What a Fair Divorce Financial Settlement Should Look Like

Posted on: 5 mins read
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Chris Fairhurst

Partner, Family Law and Divorce Solicitor

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A fair divorce financial settlement will completely depend on yours and your family’s circumstances.

What you might think is fair, your former partner might disagree with and vice versa. But when dividing your matrimonial assets, it’s important to remember that what the Family Court might consider fair doesn’t always mean an equal split of 50/50.

Most couples try to aim for an amicable divorce, but if your divorce finances go to Court, the Judge will aim to divide your assets so that you can still meet your housing and living costs, and would ideally reflect your lifestyle while you were married. But you have to take into account the fact that the same matrimonial resources need to provide for two homes now rather than one.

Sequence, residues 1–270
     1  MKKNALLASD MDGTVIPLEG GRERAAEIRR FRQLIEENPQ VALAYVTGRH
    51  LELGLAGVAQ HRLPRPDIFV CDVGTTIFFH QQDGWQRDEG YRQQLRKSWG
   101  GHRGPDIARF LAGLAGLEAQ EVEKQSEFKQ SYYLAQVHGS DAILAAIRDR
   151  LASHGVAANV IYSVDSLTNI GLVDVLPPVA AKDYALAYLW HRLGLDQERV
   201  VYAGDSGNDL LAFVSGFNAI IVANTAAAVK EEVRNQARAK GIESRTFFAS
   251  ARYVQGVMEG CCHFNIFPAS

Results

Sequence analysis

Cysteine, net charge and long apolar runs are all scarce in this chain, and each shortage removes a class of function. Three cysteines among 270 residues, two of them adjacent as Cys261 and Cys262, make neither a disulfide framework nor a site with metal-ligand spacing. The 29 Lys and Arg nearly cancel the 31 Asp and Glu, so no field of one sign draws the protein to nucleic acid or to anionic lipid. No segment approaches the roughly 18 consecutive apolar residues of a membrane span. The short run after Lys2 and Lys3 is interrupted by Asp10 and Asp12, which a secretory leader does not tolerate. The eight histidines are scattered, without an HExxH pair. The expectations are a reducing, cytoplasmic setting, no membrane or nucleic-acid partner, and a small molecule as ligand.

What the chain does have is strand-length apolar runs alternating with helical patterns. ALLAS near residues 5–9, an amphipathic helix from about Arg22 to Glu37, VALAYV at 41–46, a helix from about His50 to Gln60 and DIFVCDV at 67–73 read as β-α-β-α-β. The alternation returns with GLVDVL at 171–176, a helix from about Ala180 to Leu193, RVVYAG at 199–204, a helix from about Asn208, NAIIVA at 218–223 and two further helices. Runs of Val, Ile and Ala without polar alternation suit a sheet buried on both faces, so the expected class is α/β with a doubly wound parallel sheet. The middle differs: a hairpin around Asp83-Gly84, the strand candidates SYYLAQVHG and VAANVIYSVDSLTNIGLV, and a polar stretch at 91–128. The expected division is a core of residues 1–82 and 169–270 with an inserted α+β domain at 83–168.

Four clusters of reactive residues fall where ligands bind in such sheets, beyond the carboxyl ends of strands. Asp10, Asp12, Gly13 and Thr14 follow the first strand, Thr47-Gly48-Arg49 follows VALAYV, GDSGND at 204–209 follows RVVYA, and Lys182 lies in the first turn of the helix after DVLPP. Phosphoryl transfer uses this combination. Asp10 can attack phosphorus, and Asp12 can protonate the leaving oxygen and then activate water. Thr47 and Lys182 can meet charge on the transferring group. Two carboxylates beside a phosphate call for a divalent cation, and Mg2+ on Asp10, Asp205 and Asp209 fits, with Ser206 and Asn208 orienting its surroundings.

Our Divorce Solicitors offer a personal and friendly service, so we advise you on what a fair divorce financial settlement should look like for you.

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Who Gets What in Divorce?

The Courts in England and Wales will always look at your unique situation, which means there’s no set formula for deciding who gets what in divorce, although the Court do follow a number of criteria which set out what it should consider when making a decision. So your divorce financial settlement might look different depending on a few different circumstances.

What Your Divorce Settlement Might Look Like If:

You Have Children

The Court will always consider the likely needs of the children before anything else when dividing assets in divorce. This includes making sure that both the children’s caregivers have the funds to support them properly, while obviously taking your assets and respective incomes into account. This means that a person with a bigger income and therefore better mortgage borrowing capacity might need less of the available capital to meet their needs. So the person with the smaller income, might be able to keep more than half of what is available.